Sense-Making the Information Confluence:
The Whys and Hows of College and University User Satisficing of Information Needs

This activity is now closed. The information on this page is provided for historical purposes only.

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This project is funded by a grant from the Institute of Museum and Library Services (IMLS) and in-kind contributions from Ohio State University and OCLC.


This project will

  1. Provide useful findings about
    • why and how people use electronic information
    • how system design features affect how well systems meet the needs of users
    • how system design features affect the actual use of systems.
  2. Apply diverse user-research interpretations to the inquiry, in order to
    • focus on both commonalities and diversities in findings and interpretations
    • develop boundary-bridging concepts that enable more effective application and collaboration in both system design and user research.

The findings from this research will be relevant to

  1. Practicing librarians
    • for developing user-centered services, resources, and systems based on findings from a fresh approach to user research.
  2. Use and User study researchers
    • by providing breakthrough portraits of user information-seeking behavior in the information confluence from a variety of sources and perspectives
    • by demonstrating methods to attend to the whys and hows of the information seeking and finding process.
  3. Practitioners and researchers collaborating from different disciplines
    • by providing a model of how to address unities and diversities in findings and interpretations. Both the designs for the research (e.g. instruments, analytic frames) and the designs for interpreting the research (e.g. multi-perspective dialogues) will be developed as tools available to other researchers in this area.

Through formal reports and conference presentations investigators will share with the community

  1. empirical findings and implications
  2. examples of approches for bridging diifferences between researchers and practitioners in multiple fields --approaches for identifying unities and for making sense of differences.

Why OCLC is conducting this research and how it helps libraries

This research project

  • is important because, while researchers know a lot about who tends to use electronic resources and what resources they use, we have very few studies that address the process of how users recognize their need for information (the "whys" of information seeking) and the processes they go through to find the information (the "hows").
  • can help answer questions that in the long run will help users of all types of electronic research resources, such as the Internet and e-books.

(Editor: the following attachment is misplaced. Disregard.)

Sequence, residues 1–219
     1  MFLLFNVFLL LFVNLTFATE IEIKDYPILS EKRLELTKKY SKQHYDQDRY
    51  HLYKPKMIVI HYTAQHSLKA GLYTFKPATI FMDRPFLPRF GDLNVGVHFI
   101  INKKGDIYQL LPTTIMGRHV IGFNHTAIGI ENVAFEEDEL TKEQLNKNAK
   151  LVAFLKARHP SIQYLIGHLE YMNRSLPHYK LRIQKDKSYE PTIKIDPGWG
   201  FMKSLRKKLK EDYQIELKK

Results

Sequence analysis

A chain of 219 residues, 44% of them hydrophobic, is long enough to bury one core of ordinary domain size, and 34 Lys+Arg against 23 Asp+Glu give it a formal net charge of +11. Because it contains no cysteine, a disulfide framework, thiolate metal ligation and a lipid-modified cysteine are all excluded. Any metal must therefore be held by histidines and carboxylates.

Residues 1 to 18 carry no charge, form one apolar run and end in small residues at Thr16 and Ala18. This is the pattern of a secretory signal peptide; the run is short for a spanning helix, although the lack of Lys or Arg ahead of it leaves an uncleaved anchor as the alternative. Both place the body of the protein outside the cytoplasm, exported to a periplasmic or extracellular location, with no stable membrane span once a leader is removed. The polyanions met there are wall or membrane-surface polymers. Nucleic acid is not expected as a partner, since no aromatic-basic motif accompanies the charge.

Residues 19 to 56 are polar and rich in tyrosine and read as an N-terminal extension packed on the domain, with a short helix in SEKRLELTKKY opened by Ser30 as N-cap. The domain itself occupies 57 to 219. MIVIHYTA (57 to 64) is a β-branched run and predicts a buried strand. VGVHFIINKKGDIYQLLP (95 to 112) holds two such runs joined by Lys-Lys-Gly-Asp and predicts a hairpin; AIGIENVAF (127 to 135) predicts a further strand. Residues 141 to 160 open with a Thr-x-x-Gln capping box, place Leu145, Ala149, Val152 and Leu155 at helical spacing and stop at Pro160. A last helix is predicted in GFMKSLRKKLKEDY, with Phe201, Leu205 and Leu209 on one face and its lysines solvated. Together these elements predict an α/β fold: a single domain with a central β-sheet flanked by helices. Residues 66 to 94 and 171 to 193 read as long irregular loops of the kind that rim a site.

• contribute to the scholarly literature in the areas of college and university library users' information-seeking behaviors and information.
  • represents a unique contribution that capitalizes on the collaborative strengths and resources available to OCLC Research and an OCLC cooperative member, the Ohio State University.


  • In Phase I, researchers will review research literatures, charting and accounting for disagreements.
  • In Phases II, III, and IV, researchers will conduct a user study with survey interviews, focus group interviews, and structured observations.

The interviews, focus groups and field observations will aim to find answers for a variety of questions, such as how people viewed their information needs in particular situations, what they were trying to accomplish, and how system features helped and hindered their ability to meet their information needs.


The two-year research period began December 31, 2003.



  • Connaway, Lynn Silipigni, Marie L. Radford, Timothy J. Dickey, Jocelyn De Angelis Williams, and Patrick Confer. 2008. "Sense-making and Synchronicity: Information-seeking Behaviors of Millennials and Baby Boomers." Libri 58,2 (June): 123-135. E-print available online at: (.pdf: 192K/32 pp.).
  • Connaway, Lynn Silipigni. 2007. "Mountains, Valleys, and Pathways: Serials Users’ Needs and Steps to Meet Them. Part I: Identifying Serials Users’ Needs: Preliminary Analysis of Focus Group and Semi-structured Interviews at Colleges and Universities." Serials Librarian, 52,1/2: 223-236. E-print available online at: (.pdf: 49K/14 pp.)
  • Prabha, Chandra, Lynn Silipigni Connaway, Lawrence Olszewski, & Lillie Jenkins. 2007. "What is enough? Satisficing information needs." Journal of Documentation, 63,1(January): 74-89. E-print available online at: (.pdf: 176K/18 pp.).


Project team

  • Brenda Dervin
    Professor of Communication
    Joan N. Huber Fellow in Social & Behavioral Sciences
    Ohio State University
    Principal Investigator
  • Lynn Silipigni Connaway
    Consulting Research Scientist
    OCLC Research
    Co-investigator and OCLC Lead
  • Chandra Prabha
    Senior Research Scientist
    OCLC Research